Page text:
Chinese soldier returns home after 54 years in India

2017-02-11 15:19:33 GMT2017-02-11 23:19:33(Beijing Time) Xinhua English
After five-and-half hours’ flight, Wang Qi and his family arrived in Beijing at 11:38 am on Saturday, February 11, 2017. After five-and-half hours’ flight, Wang Qi and his family arrived in Beijing at 11:38 am on Saturday, February 11, 2017.
One of Wang’s daughters was sick, so he came with his son, daughter-in-law and granddaughter. One of Wang’s daughters was sick, so he came with his son, daughter-in-law and granddaughter.
Wang Qi and his family went directly onto the flight to Xi’an in Beijing Capital Airport. Wang Qi and his family went directly onto the flight to Xi’an in Beijing Capital Airport.
Wang Qi's mother died years ago of depression. She always asked her other sons to find Wang Qi, but no body had a clue. She has five sons, Wang Qi was the third. The family had seen another draft after Wang's missing. His mother said: Wang Qi's mother died years ago of depression. She always asked her other sons to find Wang Qi, but no body had a clue. She has five sons, Wang Qi was the third. The family had seen another draft after Wang's missing. His mother said: "One of my children went lost after going to the army, why would you come again?"
Wang couldn't get connected to his family until 1989, six years after his mother's death. An old photo shows Wang Qi wearing army suit while being a soldier. Wang couldn't get connected to his family until 1989, six years after his mother's death. An old photo shows Wang Qi wearing army suit while being a soldier.
Wang was happy when the people from Chinese Embassy visited his family in India. Wang was happy when the people from Chinese Embassy visited his family in India.
Photo shows Wang Qi and his family in India. Photo shows Wang Qi and his family in India.
Photo shows Wang Qi and his family in India. Photo shows Wang Qi and his family in India.
Photo shows Wang Qi and his family in India. Photo shows Wang Qi and his family in India.
A man surnamed Li volunteered to welcome Wang Qi back at Beijing Capital Airport on Saturday, after watching the news. A man surnamed Li volunteered to welcome Wang Qi back at Beijing Capital Airport on Saturday, after watching the news.
Wang’s eldest nephew and niece came to Beijing from Shaanxi province to fetch him on Saturday. Wang’s eldest nephew and niece came to Beijing from Shaanxi province to fetch him on Saturday.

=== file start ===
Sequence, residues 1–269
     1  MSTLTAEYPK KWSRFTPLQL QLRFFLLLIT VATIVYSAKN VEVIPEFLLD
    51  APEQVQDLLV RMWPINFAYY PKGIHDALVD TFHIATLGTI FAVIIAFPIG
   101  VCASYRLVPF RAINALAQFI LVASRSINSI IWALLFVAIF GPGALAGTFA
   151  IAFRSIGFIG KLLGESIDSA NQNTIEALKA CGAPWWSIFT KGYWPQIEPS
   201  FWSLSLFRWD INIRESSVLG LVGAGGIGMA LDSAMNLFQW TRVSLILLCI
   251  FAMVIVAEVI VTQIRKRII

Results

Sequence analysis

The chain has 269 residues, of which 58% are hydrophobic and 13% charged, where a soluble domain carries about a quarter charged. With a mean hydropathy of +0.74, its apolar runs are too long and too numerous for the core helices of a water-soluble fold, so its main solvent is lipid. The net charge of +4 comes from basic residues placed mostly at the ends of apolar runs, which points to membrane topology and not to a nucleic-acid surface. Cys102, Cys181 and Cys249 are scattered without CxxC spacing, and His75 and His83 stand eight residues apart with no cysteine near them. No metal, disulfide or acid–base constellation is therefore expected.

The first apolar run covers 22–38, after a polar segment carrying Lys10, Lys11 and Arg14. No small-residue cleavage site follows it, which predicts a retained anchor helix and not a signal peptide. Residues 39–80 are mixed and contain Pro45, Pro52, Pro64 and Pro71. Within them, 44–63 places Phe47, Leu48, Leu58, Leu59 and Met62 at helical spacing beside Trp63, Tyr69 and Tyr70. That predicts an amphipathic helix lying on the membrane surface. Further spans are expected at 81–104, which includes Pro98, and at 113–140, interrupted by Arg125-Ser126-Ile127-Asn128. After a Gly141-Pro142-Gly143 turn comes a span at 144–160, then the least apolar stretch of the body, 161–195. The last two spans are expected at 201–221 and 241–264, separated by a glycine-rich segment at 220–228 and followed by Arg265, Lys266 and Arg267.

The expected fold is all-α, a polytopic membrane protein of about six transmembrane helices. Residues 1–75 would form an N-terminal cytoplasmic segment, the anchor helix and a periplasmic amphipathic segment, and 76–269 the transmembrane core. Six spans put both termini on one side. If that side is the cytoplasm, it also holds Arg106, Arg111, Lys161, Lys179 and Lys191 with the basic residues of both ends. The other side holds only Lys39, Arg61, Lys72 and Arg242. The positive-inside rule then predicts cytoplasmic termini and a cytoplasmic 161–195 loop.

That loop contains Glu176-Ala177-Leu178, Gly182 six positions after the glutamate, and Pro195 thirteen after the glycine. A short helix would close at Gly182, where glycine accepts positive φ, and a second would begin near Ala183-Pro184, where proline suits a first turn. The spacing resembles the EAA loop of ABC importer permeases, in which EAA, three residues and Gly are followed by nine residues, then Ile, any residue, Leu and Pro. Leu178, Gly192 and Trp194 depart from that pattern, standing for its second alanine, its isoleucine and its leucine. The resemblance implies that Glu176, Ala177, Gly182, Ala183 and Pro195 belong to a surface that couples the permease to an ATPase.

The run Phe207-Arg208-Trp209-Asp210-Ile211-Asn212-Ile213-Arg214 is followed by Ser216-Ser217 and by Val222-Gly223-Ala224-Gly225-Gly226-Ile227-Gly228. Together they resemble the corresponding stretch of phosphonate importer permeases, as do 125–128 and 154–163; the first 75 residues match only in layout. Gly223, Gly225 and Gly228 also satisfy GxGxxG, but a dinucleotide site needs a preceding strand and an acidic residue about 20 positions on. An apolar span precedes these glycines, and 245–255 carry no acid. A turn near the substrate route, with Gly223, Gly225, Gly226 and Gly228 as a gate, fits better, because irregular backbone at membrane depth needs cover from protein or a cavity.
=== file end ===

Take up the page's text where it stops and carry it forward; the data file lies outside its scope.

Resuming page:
Local residents came to the airport to welcome Wang Qi and his family back to China. Local residents came to the airport to welcome Wang Qi and his family back to China.
Local residents came to the airport to welcome Wang Qi and his family back to China. Local residents came to the airport to welcome Wang Qi and his family back to China.
Wang Qi and his elder brother spoke on a video call. Wang Qi and his elder brother spoke on a video call.
Wang Qi’s hometown, Xuezhainan Village in Xianyang city, Shaanxi province. Wang Qi’s hometown, Xuezhainan Village in Xianyang city, Shaanxi province.
Wang Qi’s hometown, Xuezhainan Village in Xianyang city, Shaanxi province. Wang Qi’s hometown, Xuezhainan Village in Xianyang city, Shaanxi province.
Wang Qi’s younger brother Wang Shun. Wang Qi’s younger brother Wang Shun.
Wang Qi’s nephew Wang Zhanjun. Wang Qi’s nephew Wang Zhanjun.
Villagers performed drum dance for Wang Qi and his family. Villagers performed drum dance for Wang Qi and his family.

XI'AN, Feb. 11 (Xinhua) -- At around 6 p.m. Saturday, Wang Qi set his feet on his homeland again in Xi'an, capital of northwest China's Shaanxi Province, after spending 54 years in a life drift in India.

"I'm finally home!" a sobbing Wang hugged his tearful brothers and sisters at Xi'an Xianyang International Airport.

Wang, a Chinese solider, got lost in a forest on the China-India border in 1963. He was rescued by India's Red Cross Society and later handed over to Indian military. The military sentenced him in jail for seven years after regarding him as an "espionage."

Wang settled and married in a rural area in India after serving his sentence, but he always wanted to go home. During the past years, Wang sent many letters to his family members in Xuezhainan Village in Shaanxi's Qianxian County, expressing his homesickness and the desire to go back.

To help Wang return home, the Chinese embassy in India made every effort to get him an exit permit. In 2013, he received a Chinese passport and financial support from the government, which made it possible for him to return.

In Wang's home village, groups of people lined outside the house of Wang's younger brother Wang Shun on Saturday, which happens to be China's Lantern Festival, a day that traditionally represents reunion.

"After all these years, he is finally coming back," Wang Shun said as he prepared a quilt for Wang Qi. "We bought the furniture in this room many years ago."

"He has not changed much, I can still recognize him," said local villager Wang Ming. "All of us in the village have been waiting for his return, and we are just happy that he made it."

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